Next you need to add some bedding , there are many different types you can use such as shredded paper, leaf mould and manure. It is also important to add a few handfuls of soil /rockdust as this adds the nessecary grit to the mix. Worms use this grit in their digestive process to help break down waste. Adding a few handfuls from your compost heap can be helpful as this already contains lots of beneficial soil microbes and bacteria which help create a healthy ecosystem within your bin.

 

Now for the residents! The types of worm you need differ from your ordinary earthworm. The most common type available are tiger/brandling worms or Eisenia fetida to give it is proper name , these  worms have evolved and adapted to thrive in decaying matter and unlike earthworms which burrow into soil, tiger worms are surface dwellers. They also have a rather smelly anti predator trick in that they can  secrete a pungent liquid to deter being eaten - hence the fetida (foul smelling) species name -  so handle them gently!

 

Dinner time! You,ve got your worms they are cosy and happy in their new home but they're hungry - what do you need to feed them? Well worms can digest pretty much anything organic but there are a few things that are best kept to a minium. Check out the table below to see what is best.

 

 

 

 

 

 

 

 

 

 

It is also a good idea to add some ground up eggshells on occassion to help to keep the ph of your soil from becoming too acidic. A worm can consume its own body weight each day so as a rough guide you should feed the same weight of food as the weight of the worms you put in . This process slows down when the weather turns colder but it is easy to have a look and see if they how much they have been eating and if you need to add more or reduce the quantity.

 

wormfood Worm_tns

          The Right Enviroment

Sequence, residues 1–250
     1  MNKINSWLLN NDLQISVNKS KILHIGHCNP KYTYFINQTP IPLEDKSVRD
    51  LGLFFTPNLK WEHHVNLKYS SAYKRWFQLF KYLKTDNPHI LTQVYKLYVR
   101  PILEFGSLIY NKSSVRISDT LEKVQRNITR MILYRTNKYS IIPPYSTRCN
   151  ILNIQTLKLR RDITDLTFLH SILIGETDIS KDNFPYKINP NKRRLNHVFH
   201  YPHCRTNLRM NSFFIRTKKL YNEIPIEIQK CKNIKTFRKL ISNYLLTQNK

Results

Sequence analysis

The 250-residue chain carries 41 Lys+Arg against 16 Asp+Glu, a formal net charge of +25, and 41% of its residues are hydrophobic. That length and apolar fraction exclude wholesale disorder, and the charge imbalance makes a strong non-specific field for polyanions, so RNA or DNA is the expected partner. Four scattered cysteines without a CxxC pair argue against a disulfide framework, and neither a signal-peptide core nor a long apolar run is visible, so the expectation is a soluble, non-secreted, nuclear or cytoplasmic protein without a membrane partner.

Providing the correct enviromental conditions is the best way to ensure that your worms remain active and healthy.

Worms function at their optimum within a temperature range of 12c - 24c. Extremes of temperature will cause stress and eventually will result in the death of your little wrigglers. Stressed worms can often be found huddled together in a 'ball' - they can do this for a number of reasons by it is mainly caused by an unfavourable enviroment.

If your compost is too cold you can add more leafy greens - as they breakdown they release heat - or you can insulate the outside of your worm home with bubble wrap or cardboard. Make sure that you do not wrap it up too tightly as this can restrict the airflow and cause a moisture build up.

Placing your wormery in a sheltered position can also help.

Discovering your compost is too hot can easily be solved by increasing the airflow into the wormery. Never place your wormery in direct sunlight where it can easily overheat.

Moisture levels within your worm residence are extremley important. Instead of breathing through their mouths worms breathe through their skin - oxygen dissolves on the mucus that covers them and is then absorbed via the skin - so if your worms dry out they will suffocate, it is therefore vital that the moisture is is kept at an adequate level. If required the simplest way to increase the moisture level is to add some drops of water or some high moisture foods.

 A bin that is too wet can also cause problems, it lowers the temperature and can also create acidic pH or anerobic conditions which deprive your worms of oxygen.

If your bin is too wet you can add shredded paper,carboard or straw to help dry it out , increasing aeration can also help.